Amino acid racemization in Quaternary foraminifera from theYermak Plateau, Arctic Ocean

Gabriel West1, Darrell S. Kaufman2, Francesco Muschitiello3, Matthias Forwick4, Jens Matthiessen5,Jutta Wollenburg5, and Matt O’Regan1

1Department of Geological Sciences, Stockholm University, 10691 Stockholm, Sweden
2School of Earth and Sustainability, Northern Arizona University, Flagstaff, AZ 86011, USA
3Department of Geography, University of Cambridge, Cambridge, CB2 3EN, UK
4Department of Geosciences, UiT The Arctic University of Norway, 9037 Tromsø, Norway
5Alfred Wegener Institute for Polar and Marine Research, 27570 Bremerhaven, Germany

Abstract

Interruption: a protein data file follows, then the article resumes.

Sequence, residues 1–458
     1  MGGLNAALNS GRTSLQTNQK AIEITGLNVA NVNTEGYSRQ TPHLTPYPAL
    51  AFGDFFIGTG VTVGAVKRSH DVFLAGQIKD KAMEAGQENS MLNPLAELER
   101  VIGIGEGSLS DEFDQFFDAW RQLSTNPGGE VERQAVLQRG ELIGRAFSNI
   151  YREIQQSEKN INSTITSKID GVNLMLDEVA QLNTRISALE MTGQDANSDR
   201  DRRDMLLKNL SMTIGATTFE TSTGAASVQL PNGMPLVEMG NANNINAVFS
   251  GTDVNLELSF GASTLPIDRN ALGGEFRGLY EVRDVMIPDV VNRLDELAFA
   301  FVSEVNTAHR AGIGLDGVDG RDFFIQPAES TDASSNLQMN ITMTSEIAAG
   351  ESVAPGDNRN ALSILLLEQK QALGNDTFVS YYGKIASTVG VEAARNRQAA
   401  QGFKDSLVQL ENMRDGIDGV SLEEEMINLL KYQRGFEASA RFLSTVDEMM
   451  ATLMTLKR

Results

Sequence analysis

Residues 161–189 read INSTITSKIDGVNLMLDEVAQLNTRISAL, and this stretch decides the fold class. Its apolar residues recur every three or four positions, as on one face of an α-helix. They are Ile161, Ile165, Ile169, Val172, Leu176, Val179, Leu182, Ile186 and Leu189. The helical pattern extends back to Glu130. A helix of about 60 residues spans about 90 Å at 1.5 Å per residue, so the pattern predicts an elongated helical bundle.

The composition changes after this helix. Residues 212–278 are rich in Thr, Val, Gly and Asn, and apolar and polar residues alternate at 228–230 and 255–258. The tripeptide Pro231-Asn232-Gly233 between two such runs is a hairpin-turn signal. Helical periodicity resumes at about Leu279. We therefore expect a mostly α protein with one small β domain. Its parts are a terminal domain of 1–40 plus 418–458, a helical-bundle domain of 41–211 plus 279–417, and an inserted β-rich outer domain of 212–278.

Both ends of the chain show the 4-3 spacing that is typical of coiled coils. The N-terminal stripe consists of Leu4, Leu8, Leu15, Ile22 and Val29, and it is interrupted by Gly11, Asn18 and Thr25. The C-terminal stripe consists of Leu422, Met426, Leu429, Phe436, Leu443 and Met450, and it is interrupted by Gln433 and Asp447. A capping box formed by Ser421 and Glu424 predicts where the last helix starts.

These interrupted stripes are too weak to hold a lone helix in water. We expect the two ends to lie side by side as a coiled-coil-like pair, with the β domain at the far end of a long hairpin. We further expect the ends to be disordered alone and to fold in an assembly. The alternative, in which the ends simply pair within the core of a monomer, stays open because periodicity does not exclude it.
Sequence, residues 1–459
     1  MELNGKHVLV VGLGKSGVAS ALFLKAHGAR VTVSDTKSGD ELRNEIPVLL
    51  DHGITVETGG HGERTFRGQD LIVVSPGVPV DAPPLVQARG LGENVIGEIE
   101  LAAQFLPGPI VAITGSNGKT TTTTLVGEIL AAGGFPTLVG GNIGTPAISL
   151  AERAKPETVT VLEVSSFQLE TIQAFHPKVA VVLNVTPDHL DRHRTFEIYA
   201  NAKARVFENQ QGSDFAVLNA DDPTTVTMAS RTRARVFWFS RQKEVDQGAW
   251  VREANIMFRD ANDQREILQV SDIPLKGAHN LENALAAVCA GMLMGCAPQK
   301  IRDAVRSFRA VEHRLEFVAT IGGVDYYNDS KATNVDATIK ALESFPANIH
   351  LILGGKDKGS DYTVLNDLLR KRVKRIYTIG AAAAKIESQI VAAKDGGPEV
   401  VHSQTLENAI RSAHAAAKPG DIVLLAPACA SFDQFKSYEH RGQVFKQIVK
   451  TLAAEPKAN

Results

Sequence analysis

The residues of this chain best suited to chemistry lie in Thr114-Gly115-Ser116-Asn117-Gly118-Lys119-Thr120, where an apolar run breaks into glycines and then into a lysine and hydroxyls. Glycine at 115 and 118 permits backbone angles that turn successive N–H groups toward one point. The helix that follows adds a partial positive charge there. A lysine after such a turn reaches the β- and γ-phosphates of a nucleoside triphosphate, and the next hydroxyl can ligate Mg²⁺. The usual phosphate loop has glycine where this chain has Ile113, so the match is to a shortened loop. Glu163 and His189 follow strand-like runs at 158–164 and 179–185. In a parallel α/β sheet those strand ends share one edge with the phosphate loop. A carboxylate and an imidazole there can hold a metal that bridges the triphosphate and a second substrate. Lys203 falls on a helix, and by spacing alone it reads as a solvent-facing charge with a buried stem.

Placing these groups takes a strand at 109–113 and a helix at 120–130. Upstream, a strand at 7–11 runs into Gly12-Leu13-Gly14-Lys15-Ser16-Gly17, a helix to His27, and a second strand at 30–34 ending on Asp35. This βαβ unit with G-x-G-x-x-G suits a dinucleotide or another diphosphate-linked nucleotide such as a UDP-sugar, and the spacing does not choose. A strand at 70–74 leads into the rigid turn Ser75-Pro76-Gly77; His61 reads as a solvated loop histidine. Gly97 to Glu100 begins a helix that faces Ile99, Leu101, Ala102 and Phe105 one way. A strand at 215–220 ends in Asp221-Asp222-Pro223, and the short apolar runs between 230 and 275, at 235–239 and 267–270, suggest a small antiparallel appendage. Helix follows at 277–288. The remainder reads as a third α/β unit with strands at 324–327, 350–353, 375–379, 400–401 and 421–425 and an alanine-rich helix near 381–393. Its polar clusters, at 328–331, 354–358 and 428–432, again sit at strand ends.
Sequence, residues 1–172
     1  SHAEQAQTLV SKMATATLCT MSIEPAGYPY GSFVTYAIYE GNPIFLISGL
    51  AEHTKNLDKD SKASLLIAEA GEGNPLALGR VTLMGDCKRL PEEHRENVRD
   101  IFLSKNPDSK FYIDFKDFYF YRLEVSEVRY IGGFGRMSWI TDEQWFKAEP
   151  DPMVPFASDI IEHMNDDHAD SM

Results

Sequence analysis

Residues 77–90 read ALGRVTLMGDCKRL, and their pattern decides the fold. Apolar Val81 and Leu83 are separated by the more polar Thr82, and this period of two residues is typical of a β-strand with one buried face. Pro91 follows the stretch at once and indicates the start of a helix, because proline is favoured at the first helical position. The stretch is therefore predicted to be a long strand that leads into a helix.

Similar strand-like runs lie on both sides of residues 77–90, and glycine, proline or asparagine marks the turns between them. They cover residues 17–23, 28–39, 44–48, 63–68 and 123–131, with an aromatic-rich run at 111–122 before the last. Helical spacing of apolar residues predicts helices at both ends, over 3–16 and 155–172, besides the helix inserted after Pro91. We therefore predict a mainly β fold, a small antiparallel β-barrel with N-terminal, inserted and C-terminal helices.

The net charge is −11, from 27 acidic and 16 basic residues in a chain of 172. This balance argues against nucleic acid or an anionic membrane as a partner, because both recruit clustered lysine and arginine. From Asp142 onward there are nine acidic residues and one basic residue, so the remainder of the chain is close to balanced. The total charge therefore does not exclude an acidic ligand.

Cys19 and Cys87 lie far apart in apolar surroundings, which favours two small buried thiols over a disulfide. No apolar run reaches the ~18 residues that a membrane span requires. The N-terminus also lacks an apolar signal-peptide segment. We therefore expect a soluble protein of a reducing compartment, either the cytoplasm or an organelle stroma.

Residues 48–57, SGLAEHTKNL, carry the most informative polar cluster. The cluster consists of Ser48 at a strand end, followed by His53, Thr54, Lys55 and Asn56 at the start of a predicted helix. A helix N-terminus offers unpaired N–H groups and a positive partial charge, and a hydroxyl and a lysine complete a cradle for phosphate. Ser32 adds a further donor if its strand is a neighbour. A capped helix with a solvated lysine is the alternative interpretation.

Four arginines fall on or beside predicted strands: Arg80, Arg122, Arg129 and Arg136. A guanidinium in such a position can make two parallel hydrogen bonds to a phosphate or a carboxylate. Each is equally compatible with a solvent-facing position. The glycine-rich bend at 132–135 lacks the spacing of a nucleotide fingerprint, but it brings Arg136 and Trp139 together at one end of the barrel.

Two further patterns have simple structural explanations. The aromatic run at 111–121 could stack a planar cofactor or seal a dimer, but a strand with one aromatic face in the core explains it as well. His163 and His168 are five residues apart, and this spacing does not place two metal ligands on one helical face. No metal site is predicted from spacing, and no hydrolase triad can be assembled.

Amino acid racemization (AAR) geochronol-ogy is a powerful tool for dating Quaternary marine sedi-ments across the globe, yet its application to Arctic Oceansediments has been limited. Anomalous rates of AAR inforaminifera from the central Arctic were reported in pre-viously published studies, indicating that either the rate ofracemization is higher in this area, or inaccurate age modelswere used to constrain the sediment ages. This study inves-tigates racemization rates in foraminifera from three well-dated sediment cores taken from the Yermak Plateau duringthe 2015 TRANSSIZ (TRansitions in the Arctic SeasonalSea Ice Zone) expedition on RV Polarstern. D and L iso-mers of the amino acids aspartic acid (Asp) and glutamic acid(Glu) were separated in samples of the planktic foraminifer Neogloboquadrina pachyderma and the benthic species Cas-sidulina neoteretis to quantify the extent of racemization. Intotal, 241 subsamples were analysed, extending back to ma-rine oxygen isotope stage (MIS) 7. Two previously publishedpower functions, which relate the extent of racemization ofAsp and Glu in foraminifera to sample age are revisited, anda comparison is made between the ages predicted by thesecalibrated age equations and independent geochronologicalconstraints available for the cores. Our analyses reveal an ex-cellent match between ages predicted by a global compilationof racemization rates for N. pachyderma and confirm that aproposed Arctic-specific calibration curve is not applicable atthe Yermak Plateau. These results generally support the ratesof AAR determined for other cold bottom water sites and fur-ther highlight the anomalous nature of the purportedly highrate of racemization indicated by previous analyses of centralArctic sediments.

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